Abusive Fundraising Emails

I am really getting fed up with the abusive fundraising emails that every non-profit seems to be sending out these days. There was a real crescendo in this past week. I counted 3 emails from the same place I donated to every day! “Time is Running Out”, etc. I decided not to donate mainly because of what I consider a real abuse of email. When you’re asking for money is as frequent as the spam from the fake cialis scammer, maybe you should consider you are actually harming your cause.

Another bad abuser this year was Wikipedia. Not only did I get constant emails asking to donate, the website would also have a banner ad on every page, pleading for my donation. Now my wife had given a donation to Wikipedia on behalf of the two of us back in October, but I could find no way to turn off these annoying banners. The last email I got from Jimmy Wales had the subject “I didn’t think I’d be sending this email”, it talked about how they fell short of their fundraising goals. You know what, maybe it was their over the top abuse of email that turned people off?


The only two ways to effect change are either to delete the emails without opening them, or to let the charities know how you feel.


You’re right, I should send an email telling them why I didn’t donate this year.

You are not alone. I get actual pounds of fund raising messages, along with offers for hearing aids and pre-paid funeral services, hand delivered by the United States Postal Service every year.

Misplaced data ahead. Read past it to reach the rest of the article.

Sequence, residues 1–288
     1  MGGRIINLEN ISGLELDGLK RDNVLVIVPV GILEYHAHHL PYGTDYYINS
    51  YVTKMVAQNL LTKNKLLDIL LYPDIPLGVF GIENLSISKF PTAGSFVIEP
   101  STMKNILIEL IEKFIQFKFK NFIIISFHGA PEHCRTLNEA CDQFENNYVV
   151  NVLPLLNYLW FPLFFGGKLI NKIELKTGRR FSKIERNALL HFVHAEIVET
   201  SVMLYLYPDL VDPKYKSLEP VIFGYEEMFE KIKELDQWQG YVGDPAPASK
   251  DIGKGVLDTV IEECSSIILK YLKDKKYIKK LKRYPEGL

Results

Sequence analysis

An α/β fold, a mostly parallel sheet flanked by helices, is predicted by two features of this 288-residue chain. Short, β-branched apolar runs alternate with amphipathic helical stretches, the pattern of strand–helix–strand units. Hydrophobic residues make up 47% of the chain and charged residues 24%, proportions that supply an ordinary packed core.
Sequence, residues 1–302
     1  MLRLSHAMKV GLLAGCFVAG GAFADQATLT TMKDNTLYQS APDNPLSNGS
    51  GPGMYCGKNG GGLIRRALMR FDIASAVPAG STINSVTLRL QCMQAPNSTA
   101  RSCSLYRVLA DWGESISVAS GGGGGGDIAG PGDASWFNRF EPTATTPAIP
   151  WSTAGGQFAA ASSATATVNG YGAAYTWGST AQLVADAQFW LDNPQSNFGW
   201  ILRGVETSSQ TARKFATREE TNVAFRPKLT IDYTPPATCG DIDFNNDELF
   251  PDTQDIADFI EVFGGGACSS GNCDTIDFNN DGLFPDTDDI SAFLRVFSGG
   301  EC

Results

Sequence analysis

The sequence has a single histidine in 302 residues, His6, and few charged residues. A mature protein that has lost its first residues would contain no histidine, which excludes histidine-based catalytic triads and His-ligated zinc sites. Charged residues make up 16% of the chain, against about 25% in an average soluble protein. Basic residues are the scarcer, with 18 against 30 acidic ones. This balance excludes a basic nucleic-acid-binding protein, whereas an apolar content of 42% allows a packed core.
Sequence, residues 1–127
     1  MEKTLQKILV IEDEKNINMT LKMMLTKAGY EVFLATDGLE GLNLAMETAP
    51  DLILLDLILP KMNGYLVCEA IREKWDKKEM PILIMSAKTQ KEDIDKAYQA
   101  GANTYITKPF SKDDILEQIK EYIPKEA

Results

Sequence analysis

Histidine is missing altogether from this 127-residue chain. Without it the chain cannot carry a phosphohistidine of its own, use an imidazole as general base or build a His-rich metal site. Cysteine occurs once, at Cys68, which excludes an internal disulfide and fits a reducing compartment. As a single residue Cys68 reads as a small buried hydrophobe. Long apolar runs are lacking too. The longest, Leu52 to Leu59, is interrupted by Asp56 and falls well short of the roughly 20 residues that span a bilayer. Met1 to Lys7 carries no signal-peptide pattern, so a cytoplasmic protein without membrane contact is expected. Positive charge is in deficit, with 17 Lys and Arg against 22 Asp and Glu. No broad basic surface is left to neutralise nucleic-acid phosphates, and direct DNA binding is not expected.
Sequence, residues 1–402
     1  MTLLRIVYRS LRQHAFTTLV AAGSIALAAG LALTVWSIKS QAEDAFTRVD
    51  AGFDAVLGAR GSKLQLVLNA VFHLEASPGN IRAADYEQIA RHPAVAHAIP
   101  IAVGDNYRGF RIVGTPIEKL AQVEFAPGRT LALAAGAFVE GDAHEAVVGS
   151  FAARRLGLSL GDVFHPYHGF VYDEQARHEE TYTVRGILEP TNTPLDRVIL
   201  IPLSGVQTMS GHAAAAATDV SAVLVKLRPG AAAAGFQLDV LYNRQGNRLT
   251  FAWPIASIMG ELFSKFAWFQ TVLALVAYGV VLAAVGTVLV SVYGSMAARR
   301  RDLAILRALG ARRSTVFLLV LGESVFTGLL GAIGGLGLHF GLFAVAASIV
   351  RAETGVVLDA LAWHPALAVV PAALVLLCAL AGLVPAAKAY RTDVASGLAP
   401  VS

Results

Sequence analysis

Most of it includes “gifts” like personalize mailing labels, calendars, and notepads. Who uses those things in the 21st century? I average using one postage stamp every 18 months.

I don’t blame the organizations for their fundraising efforts. I support several of them. I blame whoever is managing the fundraising. A couple of times I have received a “thank you” letter and a “please give” letter on the same day.

And it is never going to stop. :cry:

“Advertising or junk mail now accounts for 62 percent of household mail volume aside from packages, and the second‐​largest type of mail is bills and other business statements.“

I’ve found a way to manage this. I already know the organizations I’m giving to: my church, my school, and an outside organization serving orphans and abused children in another country. Because I know I’m giving to them, I go and donate online based on a predefined schedule.

Accordingly, I have created filters that look for key words or phrases found in most fundraising appeals. I also create filters for @xyz.org. This way these emails bypass my inbox.

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While I totally agree with you on the fundraising emails, “I deserve to use this ad-free non-profit website without having to see a fundraising banner,” comes across as a bit entitled.


I get that wikipedia’s banners are annoying, I agree, but they’re necessary to keep the lights on I guess. If the banners are a dealbreaker, don’t use Wikipedia :slight_smile:


I agree somewhat, but the key issue from OP for me was that they had donated. The banner kept hassling them even though they’d already donated. While that’s Wikipedia’s prerogative, I think that’s bad UX if nothing else. :slight_smile:


I am not sure, if there might be differences for different countries (different Wikipedia-Adress), but the banner disappeared if I am signed into Wikipedia. If I use it without prior sign-in, the banner shows up, because it could not know whether I contributed already, or not.

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That’s by institutional design. And I don’t mean “the institutions sending the emails” - I mean “the way the government (at least in the USA) handles taxes”.

End-of-year giving is a thing, and it’s at least partially because for various tax-related reasons some businesses and individuals find themselves having to spend money near the end of the year to meet regulatory requirements, lower income below program cutoff requirements, etc.